Researchers Mummify a Leg With Ancient Instructions

It's one thing to say that ancient Egyptians had a masterful technique for turning corpses into mummies and another to prove it. But researchers in Switzerland appear to have accomplished just that by mummifying a human leg with those ancient methods. Researchers treated the leg (it came from a woman...

We May Never See Another 'True' Trek to the North Pole

The good news: There are hearty adventurers in this world wiling to endure the multimonth trek to the North Pole across nearly 500 miles of frozen tundra while pulling a 300-pound sled in the name of exploration. The bad news: None of them may ever get the chance to do...

No, Planets Aligning Won't Cause a 9.8 Quake

On the off chance you're given to believing every sky-is-falling theory you run across on Facebook, the one about a planetary alignment triggering a massive earthquake this week is absolute nonsense. Gizmodo traces the latest to a video from a guy named Frank in the Netherlands—under the name of...

World's Smallest Dolphin Could Vanish in 15 Years

The world's smallest dolphin, found only off the coast of New Zealand, could disappear within 15 years unless efforts are taken to bring the critically endangered animal back from the brink of extinction. In what they deem a "loud wake-up call," researchers at German conservation group NABU say 43 to...

What Insecure People Post on Facebook

If friends brag about the sweet gestures of their partners on Facebook, they might be inadvertently sharing a thing or two about their personalities at the same time. Researchers at Brunel University London reviewed the status updates of 555 Facebook users who completed surveys about self-esteem, narcissism, and the "Big...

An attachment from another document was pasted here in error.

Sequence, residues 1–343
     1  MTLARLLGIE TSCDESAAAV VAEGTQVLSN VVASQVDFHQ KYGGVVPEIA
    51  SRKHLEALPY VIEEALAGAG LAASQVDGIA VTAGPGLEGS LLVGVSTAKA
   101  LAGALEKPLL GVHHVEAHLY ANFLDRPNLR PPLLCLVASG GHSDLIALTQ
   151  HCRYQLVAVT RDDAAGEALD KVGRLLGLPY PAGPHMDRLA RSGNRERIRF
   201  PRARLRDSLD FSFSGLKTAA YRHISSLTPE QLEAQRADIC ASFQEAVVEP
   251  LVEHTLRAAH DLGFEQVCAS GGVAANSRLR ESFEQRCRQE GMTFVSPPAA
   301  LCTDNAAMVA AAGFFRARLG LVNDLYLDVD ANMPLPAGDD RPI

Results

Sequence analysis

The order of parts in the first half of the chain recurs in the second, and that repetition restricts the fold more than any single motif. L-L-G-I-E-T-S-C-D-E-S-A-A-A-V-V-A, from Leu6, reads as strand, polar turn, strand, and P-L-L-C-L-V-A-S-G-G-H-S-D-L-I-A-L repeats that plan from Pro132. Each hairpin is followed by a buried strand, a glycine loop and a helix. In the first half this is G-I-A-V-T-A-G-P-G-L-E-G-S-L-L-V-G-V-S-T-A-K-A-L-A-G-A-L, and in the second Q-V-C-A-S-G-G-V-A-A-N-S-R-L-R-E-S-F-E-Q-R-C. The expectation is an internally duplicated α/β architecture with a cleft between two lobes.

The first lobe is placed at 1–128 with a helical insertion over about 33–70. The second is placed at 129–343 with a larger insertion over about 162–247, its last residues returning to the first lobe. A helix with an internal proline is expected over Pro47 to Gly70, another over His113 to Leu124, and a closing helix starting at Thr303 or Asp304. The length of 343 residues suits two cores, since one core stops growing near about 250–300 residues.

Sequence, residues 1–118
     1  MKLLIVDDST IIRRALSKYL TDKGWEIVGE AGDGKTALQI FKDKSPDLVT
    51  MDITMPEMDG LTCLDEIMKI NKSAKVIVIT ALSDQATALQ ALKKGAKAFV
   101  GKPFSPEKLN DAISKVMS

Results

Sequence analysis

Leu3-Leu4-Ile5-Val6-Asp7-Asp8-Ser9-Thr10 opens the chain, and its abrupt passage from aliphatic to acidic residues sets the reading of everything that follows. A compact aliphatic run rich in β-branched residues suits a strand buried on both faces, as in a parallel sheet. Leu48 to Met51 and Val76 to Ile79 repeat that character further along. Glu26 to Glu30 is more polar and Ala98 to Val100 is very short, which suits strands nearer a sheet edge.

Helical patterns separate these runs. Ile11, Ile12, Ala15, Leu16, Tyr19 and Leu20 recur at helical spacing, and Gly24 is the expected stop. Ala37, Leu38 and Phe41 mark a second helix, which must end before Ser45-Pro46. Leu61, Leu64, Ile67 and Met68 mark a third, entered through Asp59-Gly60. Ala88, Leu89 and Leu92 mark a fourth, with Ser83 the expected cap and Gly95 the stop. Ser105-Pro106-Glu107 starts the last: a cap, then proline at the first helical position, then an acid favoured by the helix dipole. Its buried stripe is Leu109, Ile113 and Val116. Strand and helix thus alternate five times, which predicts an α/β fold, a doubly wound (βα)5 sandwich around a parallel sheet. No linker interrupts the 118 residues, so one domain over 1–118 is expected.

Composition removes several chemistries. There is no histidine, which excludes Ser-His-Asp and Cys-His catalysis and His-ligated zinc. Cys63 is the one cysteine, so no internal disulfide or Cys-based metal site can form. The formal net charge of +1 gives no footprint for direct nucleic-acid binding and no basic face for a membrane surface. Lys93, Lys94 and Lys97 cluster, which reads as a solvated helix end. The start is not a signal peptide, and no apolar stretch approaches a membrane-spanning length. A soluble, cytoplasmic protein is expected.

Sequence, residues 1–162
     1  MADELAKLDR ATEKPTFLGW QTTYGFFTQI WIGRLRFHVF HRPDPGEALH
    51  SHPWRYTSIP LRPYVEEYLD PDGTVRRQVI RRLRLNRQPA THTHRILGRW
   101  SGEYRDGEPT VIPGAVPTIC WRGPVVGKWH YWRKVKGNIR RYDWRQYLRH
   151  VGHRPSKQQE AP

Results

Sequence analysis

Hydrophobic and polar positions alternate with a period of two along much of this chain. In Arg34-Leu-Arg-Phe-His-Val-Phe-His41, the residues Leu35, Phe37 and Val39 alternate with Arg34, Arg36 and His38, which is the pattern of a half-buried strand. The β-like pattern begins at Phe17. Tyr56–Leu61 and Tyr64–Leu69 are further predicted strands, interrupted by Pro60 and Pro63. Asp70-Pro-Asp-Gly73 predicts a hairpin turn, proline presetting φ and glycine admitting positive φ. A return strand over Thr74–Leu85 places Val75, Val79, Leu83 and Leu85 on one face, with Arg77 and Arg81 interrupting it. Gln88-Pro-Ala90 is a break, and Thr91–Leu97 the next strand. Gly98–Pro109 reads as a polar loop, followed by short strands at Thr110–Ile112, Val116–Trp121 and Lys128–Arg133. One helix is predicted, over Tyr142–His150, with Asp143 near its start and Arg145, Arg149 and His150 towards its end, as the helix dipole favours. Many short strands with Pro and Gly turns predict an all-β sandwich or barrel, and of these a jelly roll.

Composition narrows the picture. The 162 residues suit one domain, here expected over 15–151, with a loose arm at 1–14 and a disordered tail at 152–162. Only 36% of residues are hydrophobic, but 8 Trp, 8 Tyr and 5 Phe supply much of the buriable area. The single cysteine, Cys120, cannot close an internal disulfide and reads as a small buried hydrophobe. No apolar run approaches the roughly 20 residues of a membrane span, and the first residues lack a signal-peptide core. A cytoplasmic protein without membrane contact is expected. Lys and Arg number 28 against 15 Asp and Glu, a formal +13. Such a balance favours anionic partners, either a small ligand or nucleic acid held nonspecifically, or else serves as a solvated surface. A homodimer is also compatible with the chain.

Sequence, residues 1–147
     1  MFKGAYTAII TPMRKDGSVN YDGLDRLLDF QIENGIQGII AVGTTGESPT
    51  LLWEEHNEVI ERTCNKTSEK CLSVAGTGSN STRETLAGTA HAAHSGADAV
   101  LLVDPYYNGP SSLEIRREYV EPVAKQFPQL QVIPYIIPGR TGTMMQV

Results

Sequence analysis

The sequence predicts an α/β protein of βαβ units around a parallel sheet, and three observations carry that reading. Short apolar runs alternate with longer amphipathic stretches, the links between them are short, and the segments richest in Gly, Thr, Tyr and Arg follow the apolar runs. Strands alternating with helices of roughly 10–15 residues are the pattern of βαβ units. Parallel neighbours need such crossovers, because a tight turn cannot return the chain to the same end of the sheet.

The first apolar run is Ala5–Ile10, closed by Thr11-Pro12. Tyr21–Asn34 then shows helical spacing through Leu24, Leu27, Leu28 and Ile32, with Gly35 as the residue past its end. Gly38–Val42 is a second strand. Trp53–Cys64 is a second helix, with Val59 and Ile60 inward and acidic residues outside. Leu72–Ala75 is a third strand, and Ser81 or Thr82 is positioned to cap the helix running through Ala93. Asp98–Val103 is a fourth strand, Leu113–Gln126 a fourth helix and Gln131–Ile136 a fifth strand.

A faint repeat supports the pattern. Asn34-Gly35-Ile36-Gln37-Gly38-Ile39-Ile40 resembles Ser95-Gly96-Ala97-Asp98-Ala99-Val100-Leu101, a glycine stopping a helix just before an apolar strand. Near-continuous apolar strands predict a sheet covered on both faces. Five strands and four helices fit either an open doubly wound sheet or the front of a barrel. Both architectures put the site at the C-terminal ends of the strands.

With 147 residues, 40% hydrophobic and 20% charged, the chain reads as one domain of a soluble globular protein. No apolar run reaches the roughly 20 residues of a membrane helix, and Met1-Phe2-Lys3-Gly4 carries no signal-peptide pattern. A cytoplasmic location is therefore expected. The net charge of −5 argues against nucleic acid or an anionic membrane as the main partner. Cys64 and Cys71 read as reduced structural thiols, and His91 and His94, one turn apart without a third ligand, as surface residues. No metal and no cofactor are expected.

Archaeologists Learn How Cannibals Prepared Flesh

With evidence of cannibalism persisting throughout many eras and across many lands, scientists recently set out to determine precisely how one known group of cannibals prepared human flesh. Reporting in the journal Archaeometry, they say the remains of 18 men, women, and children dating to between 700BC and 500BC, found...

'Thunder God Vine' Could Stop Obesity

Dieting, exercise, and killer love handles may well fade into history if China's "thunder god vine" performs according to a new study. Scientists say mice given an extract from the plant ate far less than usual and lost nearly half their weight over three weeks, UPI reports. According to the...

Workers Stumble on 2K-Year-Old Marvel in Jerusalem

Workers constructing a sewer line in East Jerusalem last month discovered a 2,000-year-old water-supply system that—think about this—worked fairly well until the last century, LiveScience reports. The 13-mile long Lower Aqueduct, which is fed by a spring south of Bethlehem and runs through four modern-day Jerusalem neighborhoods,...

A Schooner Sails the World, Makes Amazing Discoveries

From 2009 to 2013, the 110-foot schooner Tara sailed around the world, collecting plankton samples from more than 200 sites, some as deep as 6,500 feet down in the ocean, Science magazine reports. Fighting volatile weather, funding issues, and even the threat of pirates, the Tara expedition team still...

Bronze Age Priestess Found in 1921 Traveled Far

The remains of a Bronze Age cultic priestess found in Egtved, Denmark, in 1921 belong to a teenager who'd likely traveled all the way from southern Germany—a great distance for the year 1370 BC, researchers report in a press release. They now know this because her oak coffin was...

Copyright © 2015 Regator, LLC